KUNDO: Age of the Rampant (군도:민란의 시대) – ★★★☆☆

KUNDO: Age of the Rampant (군도:민란의 시대)

KUNDO: Age of the Rampant (군도:민란의 시대)

Upon release, summer blockbuster KUNDO: Age of the Rampant (군도:민란의 시대) broke the record for opening day admissions and helped to breath new life into what was a flagging year for Korean cinema…until it was soundly beaten a week later by maritime epic The Admiral: Roaring Currents.

It’s particularly ironic that both tentpole films achieved such a feat, given that they contain such strikingly oppositional philosophies and content. While The Admiral focused on generating hyper-nationalism to achieve success, KUNDO opted for an anti-establishment sensibility, as a group of Robin Hood-esque outlaws band together to fight against the tyrannical Prince.

Curiously, while the ideological leanings of each film differ, both suffer from a similar set of issues. KUNDO, while boasting impressive production values, competent directing and an array of popular stars, ultimately feels rushed and unfinished due to the poorly structured and conceived narrative.

A band of outlaws band together to fight against the vicious prince Jo

A band of outlaws band together to fight against the vicious prince Jo

Centuries ago, Korea was a land in turmoil. With starvation and death commonplace, corruption in society was rampant, particularly amongst the ruling classes. In the face of so much injustice a group of working class heroes band together to rob from the rich and give to the poor, attempting to appease the suffering of the people.  Yet in a nearby city, a greater villainy is brewing. Born to a nobleman and courtesan, Prince Jo (Kang Dong-won (강동원) seeks to usurp his father and reign over the land. Only one challenge to his rule remains – his sister-in-law and her son, the rightful heir. Butcher Dochi (Ha Jeong-woo (하정우) is hired to kill the pair, yet when he cannot, he is viciously betrayed and punished. Furious, Dochi finds a place with the band of thieves and begin their revenge as they plan to halt the Prince’s machinations.

From the moment KUNDO opens, it’s clear that the production values are some of the highest in recent memory and are particularly outstanding. Director Yoon Jong-bin (윤종빈) and his team have noticeably worked hard to put striking visual detail in every shot, from the incredible costumes of the cast through to the great variety of landscapes and arenas in which the action takes place. The attention to detail generates a sense of sincerity and wonder, and is in itself an phenomenal achievement. In regards to each member of the cast, their histories and occupations are wonderfully captured in their costumes whether it be a Buddhist monk, a butcher, or a wealthy prince and significantly contributes to the power of the film, an acute attention to detail that earned designer Jo Sang-gyeong the award for Best Costume Design at the 51st Daejong Film Awards.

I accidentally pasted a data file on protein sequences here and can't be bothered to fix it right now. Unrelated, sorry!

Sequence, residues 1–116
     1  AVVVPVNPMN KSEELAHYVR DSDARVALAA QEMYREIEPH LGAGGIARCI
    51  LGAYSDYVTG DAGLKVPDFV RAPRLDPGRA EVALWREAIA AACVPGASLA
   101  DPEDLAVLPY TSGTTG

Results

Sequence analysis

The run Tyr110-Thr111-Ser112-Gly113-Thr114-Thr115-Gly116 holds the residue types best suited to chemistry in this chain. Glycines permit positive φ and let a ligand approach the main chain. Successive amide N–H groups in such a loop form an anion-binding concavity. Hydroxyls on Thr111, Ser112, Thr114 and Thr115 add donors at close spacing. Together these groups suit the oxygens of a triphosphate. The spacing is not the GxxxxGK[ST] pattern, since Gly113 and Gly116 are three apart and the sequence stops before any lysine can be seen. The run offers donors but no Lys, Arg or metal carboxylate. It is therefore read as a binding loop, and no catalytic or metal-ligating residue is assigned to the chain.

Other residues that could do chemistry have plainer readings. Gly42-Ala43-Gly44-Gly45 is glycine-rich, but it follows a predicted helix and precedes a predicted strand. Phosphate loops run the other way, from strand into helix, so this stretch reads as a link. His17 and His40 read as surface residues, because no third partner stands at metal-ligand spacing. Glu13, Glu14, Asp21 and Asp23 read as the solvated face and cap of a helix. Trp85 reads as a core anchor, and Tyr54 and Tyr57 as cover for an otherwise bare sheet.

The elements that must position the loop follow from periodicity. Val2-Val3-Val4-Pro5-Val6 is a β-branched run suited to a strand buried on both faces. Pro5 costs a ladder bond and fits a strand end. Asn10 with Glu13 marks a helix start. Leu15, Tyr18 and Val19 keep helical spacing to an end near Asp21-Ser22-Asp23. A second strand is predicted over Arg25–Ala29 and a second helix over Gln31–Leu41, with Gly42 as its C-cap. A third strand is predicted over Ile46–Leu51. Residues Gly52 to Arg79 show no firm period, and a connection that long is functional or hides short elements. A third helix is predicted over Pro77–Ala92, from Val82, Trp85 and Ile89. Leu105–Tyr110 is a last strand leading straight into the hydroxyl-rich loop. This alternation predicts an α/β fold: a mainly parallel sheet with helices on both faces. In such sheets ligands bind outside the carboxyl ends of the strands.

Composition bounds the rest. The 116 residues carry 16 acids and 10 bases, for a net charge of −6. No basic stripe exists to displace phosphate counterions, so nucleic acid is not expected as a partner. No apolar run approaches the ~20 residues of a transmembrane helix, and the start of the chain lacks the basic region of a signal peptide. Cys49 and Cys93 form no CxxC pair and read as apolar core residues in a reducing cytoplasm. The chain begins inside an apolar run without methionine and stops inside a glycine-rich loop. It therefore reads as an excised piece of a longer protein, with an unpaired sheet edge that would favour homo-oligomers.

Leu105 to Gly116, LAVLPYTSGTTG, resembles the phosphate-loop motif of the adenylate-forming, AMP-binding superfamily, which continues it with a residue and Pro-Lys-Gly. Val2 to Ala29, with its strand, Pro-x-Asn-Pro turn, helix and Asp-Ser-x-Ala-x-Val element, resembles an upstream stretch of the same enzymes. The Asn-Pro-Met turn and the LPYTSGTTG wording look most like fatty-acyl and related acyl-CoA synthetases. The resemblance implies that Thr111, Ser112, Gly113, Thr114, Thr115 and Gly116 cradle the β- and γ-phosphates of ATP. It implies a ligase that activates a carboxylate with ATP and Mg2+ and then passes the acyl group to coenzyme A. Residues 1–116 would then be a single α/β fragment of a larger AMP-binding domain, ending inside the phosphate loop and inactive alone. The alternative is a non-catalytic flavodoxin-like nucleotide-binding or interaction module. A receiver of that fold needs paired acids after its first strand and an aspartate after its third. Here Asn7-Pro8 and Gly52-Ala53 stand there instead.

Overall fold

The prodction values in KUNDO are outstanding

The prodction values in KUNDO are outstanding

Yet where KUNDO falters is in the narrative structure, which is consistently haphazard. The story jumps between time lines and characters to confusing effect, and to compensate a random and quite sporadic voice-over attempts to help allay by filling in back stories and histories yet serves to provide only a further sense of disorganization. The poor structure is impossible to miss and insinuates even to the casual cinema-goer that several more drafts of the screenplay were needed before cameras started rolling.

Screenwriter Jeon Cheol-bin is further hampered by an overly – and insanely – large cast which is a huge challenge for any scribe to make each character relevant. While Jeon has clearly worked hard to do so, the sheer amount of protagonists weighs down the film due to the attempt at giving everyone screen time, resulting in a story that lacks conviction or indeed compulsion, and one that is particularly hard to invest in.

Such issues also afflict the actors. As KUNDO focuses primarily on Prince Jo-yoon and butcher Dochi, Kang Dong-won and Ha Jeong-woo have the greater chances to shine. Ha Jeong-woo in particular seems to be having a great time as the butcher-turned-criminal with his cocky and self-assured performance certainly the most enjoyable aspect of the film. Kang Dong-won – in his first film role since completing mandatory military service – also appears to relish portraying the villainous prince. Yet for them and the rest of the enormous supporting cast, the lack of screen time results in highly capable actors providing competent performances, making KUNDO an entertaining but not especially compelling viewing experience.

The villainous prince battles against the uprising

The villainous prince battles against the uprising

Verdict:

KUNDO: Age of the Rampant is a record-breaking tentpole film of 2014 by director Yoon Jong-bin. Boasting hugely impressive production and costume design as well as a host of capable actors including Ha Jeong-woo and Kang Dong-won, KUNDO is ultimately let down by a haphazard narrative structure, an insane amount of supporting characters, and a story that is hard to invest in. As a result KUNDO is an enjoyable, though unchallenging, viewing experience.

★★★☆☆

The 51st Daejong Film Awards – Results

The 51st Daejong Awards

The 51st Daejong Awards

The star-studded extravaganza known as The Daejong Film Awards took place on Friday the 21st of November, and as with most years the results were a mixture of predictable winners, pleasant surprises and ‘what the?!’ moments.

The results went largely as anticipated – you can read our list of predictions here – particularly in regards to the male-centered competitions.